Sunday, September 16, 2012

LHS Musings

This is going to sound positively neandthal, but shouldn't the left hand side of a policy rule be something that policy makers have direct - not indirect - control over?

Friedman was on to something, I think - although not quite.

A money supply rule doesn't quite cut it because money supply is endogenous, so unless you're talking about base money that won't work.

Taylor rules or other interest rate rules obviously don't work - still indirect.

NGDP rules obviously don't work.

Why don't we have rules with OMO volume on the left hand side?

Put NGDP levels or price levels or whatever else you want on the right.

This is another way of putting my old criticism that NGDP level targeting proponents often confuse goals and policies.


  1. Are you conceiving a policy rule like this?

    Action(s) <- Condition(s)

    If you have a target, the deviation from the target could be among the conditions?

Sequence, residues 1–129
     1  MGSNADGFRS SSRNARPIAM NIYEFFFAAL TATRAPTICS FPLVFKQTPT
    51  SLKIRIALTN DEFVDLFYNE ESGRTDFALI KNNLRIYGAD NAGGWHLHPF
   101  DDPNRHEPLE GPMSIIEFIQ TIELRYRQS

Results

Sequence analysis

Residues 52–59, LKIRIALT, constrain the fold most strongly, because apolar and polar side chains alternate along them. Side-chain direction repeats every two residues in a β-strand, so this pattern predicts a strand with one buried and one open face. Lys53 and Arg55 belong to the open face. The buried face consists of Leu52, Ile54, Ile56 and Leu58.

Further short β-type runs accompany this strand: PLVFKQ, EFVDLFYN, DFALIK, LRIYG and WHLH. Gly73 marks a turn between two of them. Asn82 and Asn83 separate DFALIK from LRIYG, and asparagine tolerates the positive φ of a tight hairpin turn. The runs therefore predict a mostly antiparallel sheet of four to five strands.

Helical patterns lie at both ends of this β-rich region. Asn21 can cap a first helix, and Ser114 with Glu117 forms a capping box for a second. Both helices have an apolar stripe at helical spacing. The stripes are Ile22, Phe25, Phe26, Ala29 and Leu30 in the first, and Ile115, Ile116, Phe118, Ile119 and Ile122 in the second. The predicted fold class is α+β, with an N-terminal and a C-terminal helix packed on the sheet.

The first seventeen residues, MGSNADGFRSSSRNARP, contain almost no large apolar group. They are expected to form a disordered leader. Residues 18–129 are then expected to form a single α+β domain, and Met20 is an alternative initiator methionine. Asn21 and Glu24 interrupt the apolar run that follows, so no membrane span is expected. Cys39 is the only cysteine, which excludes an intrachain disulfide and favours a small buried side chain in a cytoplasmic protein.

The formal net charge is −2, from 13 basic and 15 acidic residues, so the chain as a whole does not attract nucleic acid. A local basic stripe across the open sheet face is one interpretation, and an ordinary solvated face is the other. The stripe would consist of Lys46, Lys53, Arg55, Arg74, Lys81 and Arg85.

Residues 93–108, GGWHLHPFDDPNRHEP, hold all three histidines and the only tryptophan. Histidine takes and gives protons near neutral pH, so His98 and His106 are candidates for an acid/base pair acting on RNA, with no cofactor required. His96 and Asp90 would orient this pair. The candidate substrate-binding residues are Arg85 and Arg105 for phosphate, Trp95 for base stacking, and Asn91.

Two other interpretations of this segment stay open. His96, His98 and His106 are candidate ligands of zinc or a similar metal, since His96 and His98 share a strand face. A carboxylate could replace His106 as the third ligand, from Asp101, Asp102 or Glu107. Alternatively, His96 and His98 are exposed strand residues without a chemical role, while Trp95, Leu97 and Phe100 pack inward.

Sounds quite sensible to me. :)

  2. It seems to me that most of these policies don't have strict,or direct, "left hand side." Instead, policy makers have to search for a policy that suffers the least risk of over-reaching (or lack of control).

  3. I think too many relations have an equality sign when they should have a "less than or equal" or "greater than or equal" sign with the result that serious mistakes are made about causation and the effectiveness of proposed policies.

  4. The money supply is partially endogenous and partially exogenous, IMHO. Have you decided to absorb Post Keynesian endogenous money theory, Daniel? :P

    1. Everyone thinks money is partially endogenous and partially exogenous. It depends on the timeframe which dominates.


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